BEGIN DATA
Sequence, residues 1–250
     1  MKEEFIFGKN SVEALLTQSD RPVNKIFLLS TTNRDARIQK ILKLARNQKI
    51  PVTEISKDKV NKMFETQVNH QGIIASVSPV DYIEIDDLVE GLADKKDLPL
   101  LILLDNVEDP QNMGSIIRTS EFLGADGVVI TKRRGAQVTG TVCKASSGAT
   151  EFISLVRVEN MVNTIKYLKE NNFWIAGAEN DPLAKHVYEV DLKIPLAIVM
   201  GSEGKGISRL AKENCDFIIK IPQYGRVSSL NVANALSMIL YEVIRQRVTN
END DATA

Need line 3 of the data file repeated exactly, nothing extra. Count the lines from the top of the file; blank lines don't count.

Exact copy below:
    51  PVTEISKDKV NKMFETQVNH QGIIASVSPV DYIEIDDLVE GLADKKDLPL